Algonquin Elegy and Tom
Thomson in the News

Publisher iUniverse has designated Algonquin Elegy Tom Thomson's Last Spring as a
winner of its coveted Reader's Choice Award based on exceptional sales. Less than 10
percent of books published by iUniverse achieve this designation.

"Thanks to all of my readers and friends," said author Neil J. Lehto.

Tom Thomson in Purgatory by Troy Jollimore is the 2007 winner of the National Book
Critics Circle Award for Poetry.

It is a remarkable little book. Its central character is Tom Thomson who, over the course
of 42 linked sonnets, emerges as a sadly comic sort of everyman, one whose
anecdotes, disappointments, and moments of vivid epiphany we follow with empathy
and delight. Jollimore writes a mean rhythmic line, surprising us with subtle shifts in
meter, surprising rhyme, and skillful grammatical inversions. It's hard not to hear in his
work the influence of the many American voices that populate John Berryman's Dream
Songs. Hard, also, not to recognize in it the wry intelligence and graceful humanity of the
best of Stevie Smith.

At the moment, Jollimore is on leave from his regular job as a professor of philosophy
at California State University at Chico. Now a Fellow at the Stanford Humanities Center,
he's working on a philosophical book called The Nature of Loyalty. Earlier today, he
agreed to answer a few questions about his work:

Kevin Prufer of the NBCC interviewed Jollimore. He asked: Who is Tom Thomson and
where did he come from?

Troy Jollimore: Well, he's not me. But every thought of his is a thought I have had. He's a
projection of certain aspects of myself. Or a sheet of photographic paper on which
various aspects of the world he moves through are registered. Or a kind of Emersonian
subject, fully embracing the impulses and urges of each moment while rejecting the
consistency that Emerson said is "the hobgoblin of little minds." I suppose it depends
on when you ask me.

I first put a character named 'Tom Thomson' in a poem called "Trout Quintet." There, he
was a semi-mythical figure who has some unspecified relation to the Canadian
landscape painter, Tom Thomson, the presiding spirit over the group of painters later
known as the Group of Seven (though he died before they officially formed). His death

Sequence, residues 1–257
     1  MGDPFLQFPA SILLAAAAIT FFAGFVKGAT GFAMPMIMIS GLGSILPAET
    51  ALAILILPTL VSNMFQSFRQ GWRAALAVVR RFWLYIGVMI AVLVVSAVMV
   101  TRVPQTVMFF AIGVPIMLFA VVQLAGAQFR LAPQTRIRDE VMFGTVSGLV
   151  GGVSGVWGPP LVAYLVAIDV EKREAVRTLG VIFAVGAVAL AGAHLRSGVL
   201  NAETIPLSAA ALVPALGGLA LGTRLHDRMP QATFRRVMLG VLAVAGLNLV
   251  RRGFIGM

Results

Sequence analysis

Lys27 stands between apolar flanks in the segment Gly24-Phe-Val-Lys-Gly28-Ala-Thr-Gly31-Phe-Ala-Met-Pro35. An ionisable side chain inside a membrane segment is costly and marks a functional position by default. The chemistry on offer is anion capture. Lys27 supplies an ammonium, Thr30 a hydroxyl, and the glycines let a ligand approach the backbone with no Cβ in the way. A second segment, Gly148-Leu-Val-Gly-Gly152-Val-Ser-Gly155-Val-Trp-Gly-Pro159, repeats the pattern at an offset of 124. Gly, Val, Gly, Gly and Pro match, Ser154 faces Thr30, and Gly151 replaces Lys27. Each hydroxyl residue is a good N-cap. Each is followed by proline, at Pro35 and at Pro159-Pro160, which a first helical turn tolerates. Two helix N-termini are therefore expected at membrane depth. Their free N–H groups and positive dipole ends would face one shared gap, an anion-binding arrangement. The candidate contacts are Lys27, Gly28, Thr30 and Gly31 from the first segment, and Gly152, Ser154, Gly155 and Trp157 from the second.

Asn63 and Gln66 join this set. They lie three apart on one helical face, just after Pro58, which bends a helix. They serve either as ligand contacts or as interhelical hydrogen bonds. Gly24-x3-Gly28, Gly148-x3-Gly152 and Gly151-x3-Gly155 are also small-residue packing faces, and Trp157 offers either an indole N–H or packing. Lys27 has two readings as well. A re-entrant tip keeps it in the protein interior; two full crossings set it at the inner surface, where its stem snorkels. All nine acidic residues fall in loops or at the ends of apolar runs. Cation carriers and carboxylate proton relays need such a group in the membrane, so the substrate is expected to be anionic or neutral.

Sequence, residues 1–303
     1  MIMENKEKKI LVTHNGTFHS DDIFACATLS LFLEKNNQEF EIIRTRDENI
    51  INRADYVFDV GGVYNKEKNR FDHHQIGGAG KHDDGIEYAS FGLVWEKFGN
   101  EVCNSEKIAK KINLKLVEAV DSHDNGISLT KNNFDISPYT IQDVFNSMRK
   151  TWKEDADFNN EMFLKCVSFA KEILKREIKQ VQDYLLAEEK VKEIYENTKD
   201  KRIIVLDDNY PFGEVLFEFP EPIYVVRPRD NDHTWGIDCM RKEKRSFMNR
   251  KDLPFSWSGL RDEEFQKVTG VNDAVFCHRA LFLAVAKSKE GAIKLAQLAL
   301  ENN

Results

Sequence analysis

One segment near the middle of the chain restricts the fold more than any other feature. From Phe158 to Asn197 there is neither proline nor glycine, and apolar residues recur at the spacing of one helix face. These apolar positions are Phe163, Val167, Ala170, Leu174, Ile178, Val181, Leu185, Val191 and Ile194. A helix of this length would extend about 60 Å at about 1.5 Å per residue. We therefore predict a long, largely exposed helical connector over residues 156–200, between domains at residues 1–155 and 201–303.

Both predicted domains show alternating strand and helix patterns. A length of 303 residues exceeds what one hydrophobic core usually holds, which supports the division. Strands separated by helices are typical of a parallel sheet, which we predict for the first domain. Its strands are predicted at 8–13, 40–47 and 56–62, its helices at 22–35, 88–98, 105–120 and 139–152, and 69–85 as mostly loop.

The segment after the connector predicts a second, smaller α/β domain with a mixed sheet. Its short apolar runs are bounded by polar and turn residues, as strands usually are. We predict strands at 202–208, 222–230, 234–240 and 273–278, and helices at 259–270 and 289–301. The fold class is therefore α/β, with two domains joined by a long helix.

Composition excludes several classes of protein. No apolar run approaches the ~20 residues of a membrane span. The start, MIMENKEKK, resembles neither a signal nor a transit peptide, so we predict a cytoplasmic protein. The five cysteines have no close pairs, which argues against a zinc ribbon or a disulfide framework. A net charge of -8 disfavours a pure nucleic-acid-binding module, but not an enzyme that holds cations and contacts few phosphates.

occurred under somewhat mysterious circumstances, and he has come to serve as an
iconic figure in the Canadian imagination -- something less than a god but decidedly
more than a mere mortal, if I may put it that way.

Later, when I came to write the
Tom Thomson in Purgatory sequence, I was having
some trouble bringing it together (in its initial stages it was largely composed of
leftovers, poetic materials that had been excised from other poems or were never
brought to completion and were simply lying about the workshop). Then, at a certain
point my editor offhandedly remarked, with respect to "Trout Quintet," that he felt like
Tom Thomson's story was not done. I realized at that moment that what the sonnet
sequence lacked was a central consciousness to organize it, and that I could name that
consciousness Tom Thomson. Of course it makes little sense, given that the character
is very different from that in "Trout Quintet," and any relation to the Canadian painter is
gone. But only Canadians know who the historical Tom Thomson is, so they tend to be
the only ones who are concerned

Two Tom Thomson sketches sold for $1,035,000 at auction on May 23, 2007 in
Vancouver at Heffel's. It was the highest price ever paid for one of Thomson's small 8
1/2 by 10 1/2 oil painting on wood panel.

One of the record breakers is
Summer Clouds, is the original of a copy I purchased at
the Portage Store on my first canoe trip to Ontario's Algonquin Provincial Park. The
reproduction of the painting hangs on the wall near to me in my Marlette, Michigan,

A description of my introduction to Tom Thomson artwork begins my non-fiction novel,
Algonquin Elegy: Tom Thomson's Last Spring, which tells the true story of Canada's
greatest artists, Tom Thomson. He painted sixty-two landscapes on small wood
panels during the last spring of his life -- a daily record of the season's change in
during the winter and spring in 1917.

Summer Clouds was dated to 1916 by his family and Dr. James M. MacCallum, M.D.,
Tom's art patron, dealer and friend following his death.
Summer Clouds carries an
estate stamp, a small palette with the initials "TT" and 1917 devised as a mark of
authenticity and used on sketches eventually recovered by his family and those he left
in his studio in Toronto.

All of sixty-two panels from the last Spring and all of his personal property were
missing upon his drowning in the park's Canoe Lake on July 8, 1917. Thomson's
body was not recovered until eight days later. It was hastily examined by a vacationing
physician, buried the next day and, then, hastily exhumed a day later by his brother,
George Thomson. The sealed-steel casket was reburied on July 21, 1917, in the
family plot in Leith, Ontario. In 1956, his grave site at Canoe Lake was dug up and a
skeleton found. Medical investigation found that the body was not that of Tom
Thomson but a native Indian.

Algonquin Elegy is the story of Tom Thomson's last spring. National columnist Roy
MacGregor of the
Globe & Mail, said it is the most thorough ever investigated,
documented and reported account of Thomson's last days and drowning. Readers in
the United States know nothing about this icon of Canadian culture. However, his
painting hang in the National Gallery of Canada, Art Gallery of Ontario, McMichael
Canadian Art Collection and Tom Thomson Memorial Art Gallery and also appear
everywhere across the country on stamps, posters and calendars. School children
across Canada are routinely offered his works as the high point of Canadian art, an
historic anchor that has tied the country to its sense of strong sense northernness.